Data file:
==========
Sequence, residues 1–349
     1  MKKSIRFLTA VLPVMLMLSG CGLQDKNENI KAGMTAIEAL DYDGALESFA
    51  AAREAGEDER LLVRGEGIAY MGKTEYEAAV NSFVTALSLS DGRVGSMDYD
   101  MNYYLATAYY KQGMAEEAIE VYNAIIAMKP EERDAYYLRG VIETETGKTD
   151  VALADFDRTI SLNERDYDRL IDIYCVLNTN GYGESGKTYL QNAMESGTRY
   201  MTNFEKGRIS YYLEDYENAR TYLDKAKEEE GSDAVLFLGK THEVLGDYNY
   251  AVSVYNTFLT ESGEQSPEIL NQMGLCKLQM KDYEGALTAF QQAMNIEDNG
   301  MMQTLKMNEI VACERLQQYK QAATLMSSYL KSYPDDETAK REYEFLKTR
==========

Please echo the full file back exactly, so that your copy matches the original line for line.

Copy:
Sequence, residues 1–349
     1  MKKSIRFLTA VLPVMLMLSG CGLQDKNENI KAGMTAIEAL DYDGALESFA
    51  AAREAGEDER LLVRGEGIAY MGKTEYEAAV NSFVTALSLS DGRVGSMDYD
   101  MNYYLATAYY KQGMAEEAIE VYNAIIAMKP EERDAYYLRG VIETETGKTD
   151  VALADFDRTI SLNERDYDRL IDIYCVLNTN GYGESGKTYL QNAMESGTRY
   201  MTNFEKGRIS YYLEDYENAR TYLDKAKEEE GSDAVLFLGK THEVLGDYNY
   251  AVSVYNTFLT ESGEQSPEIL NQMGLCKLQM KDYEGALTAF QQAMNIEDNG
   301  MMQTLKMNEI VACERLQQYK QAATLMSSYL KSYPDDETAK REYEFLKTR